FPGA Plays Tic-Tac-Toe

As computers get more and more powerful and artificial intelligence algorithms improve, few games remain where the best humans can reliably beat their electronic counterparts. In chess this barrier was passed in 2005 with the last human win against a computer, and recently humans lost to computers at go. Simpler games like tic-tac-toe have been solved for all possible positions for a while now, so even a simple computer will always win or tie the game. But that doesn’t mean that there’s nothing left to learn about these games as [Hayden] demonstrates with this tic-tac-toe game built entirely on an FPGA.

[Hayden] is making this as part of a college course on digital design, so it really starts at first principles for working with FPGAs. It’s programmed in Verilog on a Basys 3 board, which also hosts the switches used as the game’s input and handles the VGA video output as well. The build uses state machines to keep track of the moves played on each of the squares, and another state machine to keep track of whether or not the current game has been won. If so, it highlights the winning moves in red, and stops taking further inputs until it is reset. Some more logic ties everything together along with a customized VGA driver to produce the entire gaming experience.

A game like tic-tac-toe is a great way to master the fundamentals of a system like this before moving on to more complex programs, especially on an FPGA platform that might handle a lot of the things we take for granted on more traditional computing systems, such as the video output. If you’re interested in taking more of a deep dive into the world of FPGAs, we published a primer about them a few years ago that will get you started.

18 thoughts on “FPGA Plays Tic-Tac-Toe

  1. I hate seeing people waste precious electronics to do trivial projects. In my country this kind of FPGA board is available only for government and military industries. What I would give to actually play with PLD or FPGA instead of just reading ebooks about it.

  2. OldGuy™ here. During grade school I visited a planetarium/science center which had a huge assembly of electromechanical whatnot that could play tic-tac-toe, accompanied by clicks and rattles. Kids lined up for a chance to play the machine; of course, you couldn’t win. Amazing!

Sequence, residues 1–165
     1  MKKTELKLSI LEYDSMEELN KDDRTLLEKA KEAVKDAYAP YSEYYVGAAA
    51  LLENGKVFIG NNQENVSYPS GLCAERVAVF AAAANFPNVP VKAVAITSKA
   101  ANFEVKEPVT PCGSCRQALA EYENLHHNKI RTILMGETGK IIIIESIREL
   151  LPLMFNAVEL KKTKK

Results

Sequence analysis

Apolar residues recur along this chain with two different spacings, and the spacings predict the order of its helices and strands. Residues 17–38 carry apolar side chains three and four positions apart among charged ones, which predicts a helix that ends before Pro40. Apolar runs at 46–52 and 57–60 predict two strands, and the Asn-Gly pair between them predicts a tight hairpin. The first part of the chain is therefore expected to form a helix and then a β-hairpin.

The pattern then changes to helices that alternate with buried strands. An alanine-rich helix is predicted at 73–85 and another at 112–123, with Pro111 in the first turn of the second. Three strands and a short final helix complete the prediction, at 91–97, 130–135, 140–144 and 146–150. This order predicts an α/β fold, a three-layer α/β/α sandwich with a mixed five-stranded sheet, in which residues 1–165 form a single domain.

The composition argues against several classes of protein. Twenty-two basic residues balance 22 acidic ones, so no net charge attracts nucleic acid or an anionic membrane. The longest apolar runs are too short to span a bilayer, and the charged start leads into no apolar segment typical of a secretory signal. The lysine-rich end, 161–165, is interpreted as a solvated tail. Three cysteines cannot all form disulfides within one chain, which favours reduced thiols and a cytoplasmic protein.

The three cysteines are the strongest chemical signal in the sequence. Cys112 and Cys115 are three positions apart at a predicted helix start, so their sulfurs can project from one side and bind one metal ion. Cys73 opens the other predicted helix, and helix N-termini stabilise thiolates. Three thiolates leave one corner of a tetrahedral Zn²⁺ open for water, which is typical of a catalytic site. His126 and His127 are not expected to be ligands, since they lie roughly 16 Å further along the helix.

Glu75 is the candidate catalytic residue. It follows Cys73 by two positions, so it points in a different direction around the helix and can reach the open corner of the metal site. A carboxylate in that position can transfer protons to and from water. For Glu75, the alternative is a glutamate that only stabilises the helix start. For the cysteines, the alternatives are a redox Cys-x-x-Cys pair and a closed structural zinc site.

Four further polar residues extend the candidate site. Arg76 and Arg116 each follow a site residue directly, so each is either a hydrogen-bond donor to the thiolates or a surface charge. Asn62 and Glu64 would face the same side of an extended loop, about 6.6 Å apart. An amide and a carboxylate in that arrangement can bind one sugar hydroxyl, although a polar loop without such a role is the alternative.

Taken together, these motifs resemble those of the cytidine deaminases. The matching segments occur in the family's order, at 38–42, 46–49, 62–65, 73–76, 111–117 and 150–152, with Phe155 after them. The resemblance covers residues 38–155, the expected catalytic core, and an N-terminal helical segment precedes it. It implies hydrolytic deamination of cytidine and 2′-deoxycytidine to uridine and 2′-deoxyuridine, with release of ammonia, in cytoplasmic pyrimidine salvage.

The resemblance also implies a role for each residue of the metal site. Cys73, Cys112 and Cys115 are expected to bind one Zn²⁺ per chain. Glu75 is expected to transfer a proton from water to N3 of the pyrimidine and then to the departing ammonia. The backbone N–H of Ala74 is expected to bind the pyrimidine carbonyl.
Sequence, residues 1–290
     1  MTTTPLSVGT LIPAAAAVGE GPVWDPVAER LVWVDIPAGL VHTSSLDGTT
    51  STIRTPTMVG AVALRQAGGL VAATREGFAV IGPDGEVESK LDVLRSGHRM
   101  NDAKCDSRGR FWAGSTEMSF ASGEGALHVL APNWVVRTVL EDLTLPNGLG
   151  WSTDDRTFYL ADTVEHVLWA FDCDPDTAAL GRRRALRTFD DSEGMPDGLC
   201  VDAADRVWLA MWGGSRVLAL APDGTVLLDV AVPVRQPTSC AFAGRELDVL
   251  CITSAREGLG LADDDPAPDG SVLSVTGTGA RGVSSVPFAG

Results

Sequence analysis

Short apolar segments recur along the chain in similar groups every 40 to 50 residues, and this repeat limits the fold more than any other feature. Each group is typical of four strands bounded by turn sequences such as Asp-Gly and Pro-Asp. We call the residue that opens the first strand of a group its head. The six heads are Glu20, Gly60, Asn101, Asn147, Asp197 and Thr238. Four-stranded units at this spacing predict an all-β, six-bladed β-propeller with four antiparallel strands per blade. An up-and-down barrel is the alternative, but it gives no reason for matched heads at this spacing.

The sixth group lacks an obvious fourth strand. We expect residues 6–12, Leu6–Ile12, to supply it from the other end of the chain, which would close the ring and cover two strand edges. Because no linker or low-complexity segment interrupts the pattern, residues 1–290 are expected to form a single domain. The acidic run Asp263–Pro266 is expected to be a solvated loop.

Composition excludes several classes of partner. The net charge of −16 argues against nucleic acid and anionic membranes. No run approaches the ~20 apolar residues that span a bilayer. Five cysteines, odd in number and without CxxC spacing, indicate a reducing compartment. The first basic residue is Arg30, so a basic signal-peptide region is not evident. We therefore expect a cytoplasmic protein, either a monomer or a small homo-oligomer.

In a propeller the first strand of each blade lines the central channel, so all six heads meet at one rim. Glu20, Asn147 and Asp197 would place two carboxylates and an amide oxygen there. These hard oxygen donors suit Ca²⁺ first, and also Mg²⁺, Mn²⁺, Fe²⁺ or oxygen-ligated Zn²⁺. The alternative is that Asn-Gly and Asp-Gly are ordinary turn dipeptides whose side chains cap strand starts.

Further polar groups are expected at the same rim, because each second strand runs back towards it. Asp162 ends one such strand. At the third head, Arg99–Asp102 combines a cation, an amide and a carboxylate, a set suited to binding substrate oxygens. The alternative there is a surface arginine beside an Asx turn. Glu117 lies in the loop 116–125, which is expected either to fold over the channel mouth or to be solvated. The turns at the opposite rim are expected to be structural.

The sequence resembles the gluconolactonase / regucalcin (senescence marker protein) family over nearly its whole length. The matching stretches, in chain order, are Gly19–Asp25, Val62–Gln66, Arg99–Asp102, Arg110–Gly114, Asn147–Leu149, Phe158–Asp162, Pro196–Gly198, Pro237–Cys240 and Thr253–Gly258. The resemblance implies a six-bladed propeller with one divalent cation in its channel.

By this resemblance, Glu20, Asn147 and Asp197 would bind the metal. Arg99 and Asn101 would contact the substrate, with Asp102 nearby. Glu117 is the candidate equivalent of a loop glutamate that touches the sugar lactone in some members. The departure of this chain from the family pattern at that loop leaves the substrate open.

Today… after seeing this article I’m beginning to understand how my grandmother felt when she saw Apollo 11 land on the moon. She was born the year that the Wright brothers made their first flight. Some STEM advances are slow but steady. Others just blow you away with their speed.

  3. I remember from about 45 or 50 years ago the Buhl Planetarium & Observatory having a Tic-Tac-Toe machine that was based entirely on relays. It would always win or draw, but never lose. At one time I had found a schematic for a different relay-based TTT machine. Always thought it would be fun to build, never got around to it.

  4. Boston MoS had a tic-tac-toe device back around 1975 or 76, not sure anymore whether it was all right there in the exhibit, or if the visible part was just the display. Curious now how they did it. Certainly a microprocessor could have done it, but wondering if it wasn’t built from simpler stuff.

  5. I remember an undefeatable tic tac toe game made only with a few logic gates mentioned in a comment on this site. It was a circuit from a logic gate trainer from the 60s or 70s. The game was simplified by having the outputs be the first open position numbered starting with 1 for the center, then a corner, then on to the rest of the cells in a loop. The human goes first, therefore the computer makes a maximum of four plays, the first output is always 1 for the center, or if it the center is already taken, it represents a corner, the logic would calculate the three remaining outputs. The game required the player to keep track of the board on a sheet of paper.

Leave a Reply

Please be kind and respectful to help make the comments section excellent. (Comment Policy)

This site uses Akismet to reduce spam. Learn how your comment data is processed.